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2021 Fixed Wireless and Hybrid Fiber-Wireless Numbers: Broadband Is Healthy

In this Mixed Signals post, The Carmel Group reveals details of an 18-month long study and resulting report, delving into the U.S. fixed wireless and hybrid fiber-wireless industry. 

We break this out into three bullet points covering three main areas: key findings, key growth drivers, and key challenges. For our readers, the “2021 Fixed Wireless and Hybrid Fiber-Wireless Report” by The Carmel Group can be accessed, for free, with the accurate entry and  inclusion of four important data points at www.carmelgroup.com. The first report by The Carmel Group, completed and published five years ago is also accessible on the home page of the same URL, and is called the “2017 BWA Report.”

The foundation of both the 2017 and the 2021 report, is two separate surveys in each cycle conducted by our company, one of the operator community and the other of the vendor group. Impressively, also indicating growth within the sector during the past five years, in the 2017 version 169 from a listed total of 555 operators responded. Whereas in the 2021 iteration, that operator number grew to 244/700. For vendors, the 2017 response number was 24/44; for 2021 it came to 55/200. For the operators, even measured against The Carmel Group’s estimate of 2,800 total U.S. operators, that 2021 response rate of 244 comes to almost 10%, which is far above the typical results for an “external survey” of an industry. Additionally, thirty 90-minute executive interviews were conducted by The Carmel Group, further cementing the ideas, analysis, and conclusions of both the project and the report.

(Image credit: The Carmel Group)

Key 2021 Findings

  • From the report’s “Executive Summary,” determinations were made that growth is there, and its continuation is predictable based upon a handful of important trends and competitive observations. The estimated list of U.S. network providers includes 2,800 operators. Nearly 13 million subscribers or a market share approaching 10% comprise the base that is expected by 2025. Core industry revenues are projected to reach nearly $11 billion in the next five years.

Key 2021 Growth Drivers

1) Fixed-Wireless and hybrid networks cost less: One good chart is worth 10 thousand words! Isn’t there a saying along those lines? The figure below captures the breadth of this message. Fixed wireless is a better value.

(Image credit: The Carmel Group)

2) Consumer demand is robust: Subscriber growth is the dynamic here. It is robust. And more and more competitive, even in urban America. Just ask Starry.

(Image credit: The Carmel Group)

3) Favorable Spectrum Trends: The U.S. industry is leading the way with better equipment to better utilize scarce spectrum resources, and the U.S. government and its lawyers and economists appear to be better and better tuned into this concept as well.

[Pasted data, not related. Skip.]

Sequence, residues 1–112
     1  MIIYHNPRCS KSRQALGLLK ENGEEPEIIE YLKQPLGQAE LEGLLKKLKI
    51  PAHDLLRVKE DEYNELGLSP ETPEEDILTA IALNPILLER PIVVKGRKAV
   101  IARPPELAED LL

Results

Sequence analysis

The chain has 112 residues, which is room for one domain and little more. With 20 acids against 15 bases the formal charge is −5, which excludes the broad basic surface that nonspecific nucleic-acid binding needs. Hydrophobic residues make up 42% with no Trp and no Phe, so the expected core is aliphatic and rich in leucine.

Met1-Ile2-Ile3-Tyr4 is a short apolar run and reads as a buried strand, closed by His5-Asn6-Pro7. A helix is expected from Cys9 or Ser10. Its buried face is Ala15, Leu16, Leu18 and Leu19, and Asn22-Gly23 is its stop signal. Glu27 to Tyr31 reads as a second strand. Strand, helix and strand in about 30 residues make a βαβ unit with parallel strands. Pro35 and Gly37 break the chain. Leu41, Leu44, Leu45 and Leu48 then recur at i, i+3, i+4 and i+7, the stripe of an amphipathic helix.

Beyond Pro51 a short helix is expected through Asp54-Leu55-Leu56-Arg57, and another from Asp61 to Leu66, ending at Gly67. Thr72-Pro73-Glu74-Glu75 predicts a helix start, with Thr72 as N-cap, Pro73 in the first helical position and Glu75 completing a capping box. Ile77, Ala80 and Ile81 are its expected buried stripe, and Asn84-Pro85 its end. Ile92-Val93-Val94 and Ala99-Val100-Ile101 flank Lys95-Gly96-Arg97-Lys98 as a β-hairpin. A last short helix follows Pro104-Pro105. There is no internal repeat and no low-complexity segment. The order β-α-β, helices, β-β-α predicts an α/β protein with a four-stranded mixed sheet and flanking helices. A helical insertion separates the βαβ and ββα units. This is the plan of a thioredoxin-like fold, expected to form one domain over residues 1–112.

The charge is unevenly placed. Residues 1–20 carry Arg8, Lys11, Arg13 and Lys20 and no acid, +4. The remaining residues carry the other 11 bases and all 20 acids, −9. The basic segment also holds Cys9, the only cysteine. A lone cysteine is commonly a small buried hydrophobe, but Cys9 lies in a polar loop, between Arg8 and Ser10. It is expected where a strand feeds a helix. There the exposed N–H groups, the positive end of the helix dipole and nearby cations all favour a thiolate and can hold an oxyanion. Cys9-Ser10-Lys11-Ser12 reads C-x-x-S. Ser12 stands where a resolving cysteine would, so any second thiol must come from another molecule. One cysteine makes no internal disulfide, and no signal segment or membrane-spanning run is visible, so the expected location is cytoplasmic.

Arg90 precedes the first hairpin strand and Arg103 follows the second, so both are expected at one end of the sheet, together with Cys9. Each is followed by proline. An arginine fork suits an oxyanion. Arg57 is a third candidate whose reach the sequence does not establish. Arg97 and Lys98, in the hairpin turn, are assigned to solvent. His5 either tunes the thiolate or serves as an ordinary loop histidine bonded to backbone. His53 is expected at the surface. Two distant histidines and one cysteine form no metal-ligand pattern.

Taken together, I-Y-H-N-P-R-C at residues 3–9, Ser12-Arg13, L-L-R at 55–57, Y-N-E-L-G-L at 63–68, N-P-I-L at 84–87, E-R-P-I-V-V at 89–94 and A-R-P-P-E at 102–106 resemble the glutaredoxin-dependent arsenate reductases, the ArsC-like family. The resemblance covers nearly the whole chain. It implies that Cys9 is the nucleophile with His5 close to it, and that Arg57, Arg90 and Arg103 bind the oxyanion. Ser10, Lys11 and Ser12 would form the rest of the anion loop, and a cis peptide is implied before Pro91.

(Image credit: The Carmel Group)

4) Tech is helping ISPs: A realization of the value of standardization has become an accepted part of U.S. broadband, and that certainly includes the fixed wireless and hybrid fiber-wireless subsectors. Spectrum efficiency techniques are assisting greater and greater bandwidths and speeds. And more and more vendors are making fixed wireless and hybrid fiber-wireless strong revenue units within their businesses. 

5) Growing capital and government support: Six sources of financial support are behind this clear trend, each is identified at length in the report itself.

Key Challenges

  • The old adage has it, “know your friends well, your enemies better.” Thus, for those of the pay TV multichannel world, and those of the broadcast and rival broadband industries, having an idea of challenges faced by the opposition is important.

In that vein, The Carmel Group’s 2021 report identified five main challenges. That said, it should be noted that there are more difficulties the industry faces (as is true for any similar competitor), but this handful is deemed the biggest of the trees inside that forest. At least for now.

  1. Competition: Competitive dynamics include ultra-entrenched and immensely powerful competitors, especially in the wired and broadcast realms. Competition from Low Earth Satellites (LEOs) is also raising new interest. (See, StarLink article: https://www.telecompetitor.com/space-x-notches-another-win-at-the-fcc-for-improved-starlink-satellite-broadband/)
  2. Vertical content: A key element of the generic “Competition” listing immediately above, the U.S. fixed wireless industry will be looking to create accommodations and handicapping that ensures its consumers are treated fairly in the marketplace.
  3. Spectrum challenges: Especially as long as unlicensed wireless spectrum dominates the domestic marketplace, operators will constantly be seeking out interference mitigation efforts and devices.
  4. Government process: Education, education, education. Those are this fixed industry’s short-term and longer-term incentives. That means getting policymakers and funders to appreciate and act upon the opportunities, especially like those displayed in the “Comparative Economics” chart above (which is Figure 8, page 19, in the actual 2021 report).
  5. Funding: See above. 

Jimmy Schaeffler is chairman and CSO of The Carmel Group, a streaming/broadband, broadcast and pay TV/video consultancy based in Carmel by the Sea, California. He writes about telecommunications, entertainment, and media.